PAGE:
"Whereas Sir John Gooderick, of Hunsingor, in the County of Yorke, Knight and Baronet, hath by both Houses of Parliament been admitted to his Fine of Twelve Hundred Pounds, he having been in Arms against the Parliament: The Lords and Commons assembled in Parliament do hereby authorize and appoint His Majesty's Solicitor General to prepare a Pardon to the said Sir John Gooderick, for his said Offence, in such Form as is agreed by both Houses for like Offenders, together with a Grant of, and Restitution to him, his Heirs and Assigns, of all his Lands, Goods, and Chattels, and other Estate for which the said Fine was accepted, according to the Particular thereof made, and entered with the Committee at Gouldsmiths Hall, and of all Mean Profits thereof, from the 21th Day of March, 1645, with an Exception of the Right or Estate of the said Sir John Gooderick in or to all Advowsons, Presentations, and Right of Patronage, to any Church or Chapel; which said Pardon, so prepared, the Commissioners for the Great Seal of England for the Time being are hereby likewise authorized to pass under the said Great Seal accordingly: Provided always, That this Ordinance, or the said Pardon thereon to be passed, shall not extend to free the said Sir John Gooderick from a further Composition, for any other Lands, Goods, or Chattels; than what are contained in the Particular aforesaid; and that, in case the said Lands mentioned in the said Particular were of greater Yearly Value than are therein expressed during Three Years before the Year of our Lord 1640, then the said Sir John Gooderick shall pay such further Fine, by Way of Composition, as both Houses of Parliament shall appoint: And it is further Ordered and Ordained, by the said Lords and Commons, with the Consent of the said Sir John Gooderick, as Part of his Composition, That Forty Pounds per Annum shall be from henceforth issuing and paid, for ever, out of his Impropriate Parsonage and Rectory of Hunsingor, in the County of Yorke, for and towards the Maintenance of a learned preaching Minister in the said Church or Chapel of Hunsingor, to be Yearly paid unto the said Minister and his Successors for ever upon the Second Day of February, and the First Day of August, by equal Portions."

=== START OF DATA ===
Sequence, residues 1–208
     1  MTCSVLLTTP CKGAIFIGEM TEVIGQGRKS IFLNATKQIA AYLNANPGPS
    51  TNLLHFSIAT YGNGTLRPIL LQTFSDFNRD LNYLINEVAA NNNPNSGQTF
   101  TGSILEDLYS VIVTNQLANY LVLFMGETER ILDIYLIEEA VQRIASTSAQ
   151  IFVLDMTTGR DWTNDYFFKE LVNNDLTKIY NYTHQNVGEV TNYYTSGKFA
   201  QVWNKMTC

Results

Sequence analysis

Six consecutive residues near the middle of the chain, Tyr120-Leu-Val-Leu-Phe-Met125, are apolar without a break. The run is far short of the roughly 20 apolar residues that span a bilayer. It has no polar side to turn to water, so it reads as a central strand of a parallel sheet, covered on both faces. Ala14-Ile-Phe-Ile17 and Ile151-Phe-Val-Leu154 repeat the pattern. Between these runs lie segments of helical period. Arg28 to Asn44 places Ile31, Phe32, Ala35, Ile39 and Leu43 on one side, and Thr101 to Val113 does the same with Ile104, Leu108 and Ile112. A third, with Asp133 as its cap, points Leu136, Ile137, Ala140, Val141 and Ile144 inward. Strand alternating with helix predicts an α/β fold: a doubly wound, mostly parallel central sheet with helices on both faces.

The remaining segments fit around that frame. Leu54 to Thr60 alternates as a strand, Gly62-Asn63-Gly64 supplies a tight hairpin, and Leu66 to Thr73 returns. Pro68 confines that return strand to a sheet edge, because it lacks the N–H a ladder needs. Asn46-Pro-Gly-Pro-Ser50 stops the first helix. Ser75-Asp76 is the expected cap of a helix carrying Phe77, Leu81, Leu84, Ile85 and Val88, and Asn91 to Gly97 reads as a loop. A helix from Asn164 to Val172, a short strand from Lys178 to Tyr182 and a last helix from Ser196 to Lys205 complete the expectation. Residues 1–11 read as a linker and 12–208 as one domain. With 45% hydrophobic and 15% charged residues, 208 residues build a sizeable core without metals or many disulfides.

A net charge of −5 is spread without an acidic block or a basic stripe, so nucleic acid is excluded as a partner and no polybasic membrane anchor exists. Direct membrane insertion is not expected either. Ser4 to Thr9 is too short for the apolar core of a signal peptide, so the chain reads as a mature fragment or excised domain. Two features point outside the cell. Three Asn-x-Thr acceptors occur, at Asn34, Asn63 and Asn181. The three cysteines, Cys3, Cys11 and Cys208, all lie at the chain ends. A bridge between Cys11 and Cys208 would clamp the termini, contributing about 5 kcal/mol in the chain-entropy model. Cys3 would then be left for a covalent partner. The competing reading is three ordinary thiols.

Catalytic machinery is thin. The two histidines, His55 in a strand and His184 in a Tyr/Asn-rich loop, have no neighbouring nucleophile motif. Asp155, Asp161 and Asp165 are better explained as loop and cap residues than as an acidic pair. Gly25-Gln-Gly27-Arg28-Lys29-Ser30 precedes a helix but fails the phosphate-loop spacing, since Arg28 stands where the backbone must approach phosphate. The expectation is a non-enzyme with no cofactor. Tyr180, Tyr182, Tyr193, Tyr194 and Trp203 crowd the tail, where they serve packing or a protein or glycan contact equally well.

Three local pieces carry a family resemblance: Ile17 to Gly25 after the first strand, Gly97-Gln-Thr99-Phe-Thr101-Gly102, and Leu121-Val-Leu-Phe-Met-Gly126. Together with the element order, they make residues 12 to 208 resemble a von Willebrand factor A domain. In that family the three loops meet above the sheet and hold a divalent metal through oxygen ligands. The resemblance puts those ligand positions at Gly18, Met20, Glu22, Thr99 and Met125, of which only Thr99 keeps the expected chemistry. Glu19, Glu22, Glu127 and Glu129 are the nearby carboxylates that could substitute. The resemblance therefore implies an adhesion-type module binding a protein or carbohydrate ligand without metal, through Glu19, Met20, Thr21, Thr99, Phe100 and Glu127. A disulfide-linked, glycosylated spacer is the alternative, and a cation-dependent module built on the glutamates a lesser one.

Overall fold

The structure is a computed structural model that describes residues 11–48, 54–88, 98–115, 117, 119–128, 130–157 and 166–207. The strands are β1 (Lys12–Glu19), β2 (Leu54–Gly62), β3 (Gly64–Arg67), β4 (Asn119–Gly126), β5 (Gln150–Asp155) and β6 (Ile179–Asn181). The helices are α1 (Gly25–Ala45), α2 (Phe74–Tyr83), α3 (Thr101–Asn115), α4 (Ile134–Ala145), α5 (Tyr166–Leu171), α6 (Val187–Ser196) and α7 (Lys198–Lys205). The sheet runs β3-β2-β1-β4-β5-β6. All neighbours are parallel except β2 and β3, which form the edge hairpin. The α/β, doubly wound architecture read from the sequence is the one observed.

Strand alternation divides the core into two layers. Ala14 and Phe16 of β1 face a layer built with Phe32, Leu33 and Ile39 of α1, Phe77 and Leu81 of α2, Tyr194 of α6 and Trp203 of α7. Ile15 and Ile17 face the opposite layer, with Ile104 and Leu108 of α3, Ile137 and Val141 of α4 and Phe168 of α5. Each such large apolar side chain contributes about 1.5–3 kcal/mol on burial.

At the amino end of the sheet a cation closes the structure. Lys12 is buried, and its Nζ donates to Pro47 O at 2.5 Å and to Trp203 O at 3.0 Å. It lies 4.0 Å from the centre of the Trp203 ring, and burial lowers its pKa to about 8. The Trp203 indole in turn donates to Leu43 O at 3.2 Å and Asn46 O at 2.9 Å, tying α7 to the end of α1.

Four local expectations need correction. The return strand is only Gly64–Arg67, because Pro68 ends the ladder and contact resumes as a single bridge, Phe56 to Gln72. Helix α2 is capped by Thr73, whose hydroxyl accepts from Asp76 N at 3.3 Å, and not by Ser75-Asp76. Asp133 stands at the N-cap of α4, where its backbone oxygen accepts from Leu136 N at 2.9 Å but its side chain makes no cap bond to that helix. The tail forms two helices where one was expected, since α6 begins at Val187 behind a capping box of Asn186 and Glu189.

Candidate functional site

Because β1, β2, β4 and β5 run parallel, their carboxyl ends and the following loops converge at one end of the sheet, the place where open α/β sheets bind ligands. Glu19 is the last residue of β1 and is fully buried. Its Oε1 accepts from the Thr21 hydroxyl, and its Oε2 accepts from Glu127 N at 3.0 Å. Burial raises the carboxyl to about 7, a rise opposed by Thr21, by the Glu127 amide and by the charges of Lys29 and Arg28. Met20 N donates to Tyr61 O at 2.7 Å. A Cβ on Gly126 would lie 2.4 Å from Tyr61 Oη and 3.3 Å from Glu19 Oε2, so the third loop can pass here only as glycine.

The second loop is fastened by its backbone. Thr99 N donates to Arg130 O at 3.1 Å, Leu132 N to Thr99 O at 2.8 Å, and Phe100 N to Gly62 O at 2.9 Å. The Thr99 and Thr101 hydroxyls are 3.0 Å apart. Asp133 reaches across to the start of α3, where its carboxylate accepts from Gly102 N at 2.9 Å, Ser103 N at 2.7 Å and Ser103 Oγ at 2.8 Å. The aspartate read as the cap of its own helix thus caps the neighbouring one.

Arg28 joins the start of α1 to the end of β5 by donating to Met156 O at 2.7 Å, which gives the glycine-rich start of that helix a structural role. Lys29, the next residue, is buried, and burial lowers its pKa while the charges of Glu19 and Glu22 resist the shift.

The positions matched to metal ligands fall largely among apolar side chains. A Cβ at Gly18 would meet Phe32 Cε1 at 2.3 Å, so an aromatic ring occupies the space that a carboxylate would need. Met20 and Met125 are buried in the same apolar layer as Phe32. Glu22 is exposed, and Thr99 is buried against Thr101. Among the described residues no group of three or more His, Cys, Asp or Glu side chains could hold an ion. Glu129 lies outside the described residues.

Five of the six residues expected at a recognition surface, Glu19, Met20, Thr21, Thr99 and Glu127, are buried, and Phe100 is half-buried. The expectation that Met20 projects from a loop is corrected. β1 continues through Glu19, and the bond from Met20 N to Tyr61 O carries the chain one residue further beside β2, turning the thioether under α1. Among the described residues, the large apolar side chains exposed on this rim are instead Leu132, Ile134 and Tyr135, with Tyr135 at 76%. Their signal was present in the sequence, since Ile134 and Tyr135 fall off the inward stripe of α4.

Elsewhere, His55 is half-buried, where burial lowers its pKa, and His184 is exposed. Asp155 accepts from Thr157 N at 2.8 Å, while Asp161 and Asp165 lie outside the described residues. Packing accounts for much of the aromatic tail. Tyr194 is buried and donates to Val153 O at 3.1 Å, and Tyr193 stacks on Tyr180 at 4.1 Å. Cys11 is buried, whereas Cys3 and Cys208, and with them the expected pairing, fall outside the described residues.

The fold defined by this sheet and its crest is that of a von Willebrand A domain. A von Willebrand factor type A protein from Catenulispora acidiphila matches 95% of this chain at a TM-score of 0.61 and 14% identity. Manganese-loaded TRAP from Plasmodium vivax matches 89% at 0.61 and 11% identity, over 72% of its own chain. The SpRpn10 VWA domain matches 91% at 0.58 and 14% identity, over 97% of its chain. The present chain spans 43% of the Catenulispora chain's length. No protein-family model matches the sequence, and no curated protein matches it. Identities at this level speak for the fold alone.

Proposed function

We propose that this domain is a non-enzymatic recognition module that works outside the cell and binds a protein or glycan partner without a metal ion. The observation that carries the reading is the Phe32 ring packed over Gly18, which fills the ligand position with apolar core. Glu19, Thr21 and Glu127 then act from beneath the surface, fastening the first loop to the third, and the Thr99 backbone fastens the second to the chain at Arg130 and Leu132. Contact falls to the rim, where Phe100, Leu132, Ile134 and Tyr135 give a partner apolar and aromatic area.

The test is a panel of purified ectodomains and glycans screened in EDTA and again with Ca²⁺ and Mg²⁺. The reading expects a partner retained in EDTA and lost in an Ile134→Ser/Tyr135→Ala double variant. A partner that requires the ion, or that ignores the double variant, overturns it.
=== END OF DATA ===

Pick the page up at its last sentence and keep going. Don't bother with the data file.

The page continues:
Ordinance to clear Harvey of his Delinquency.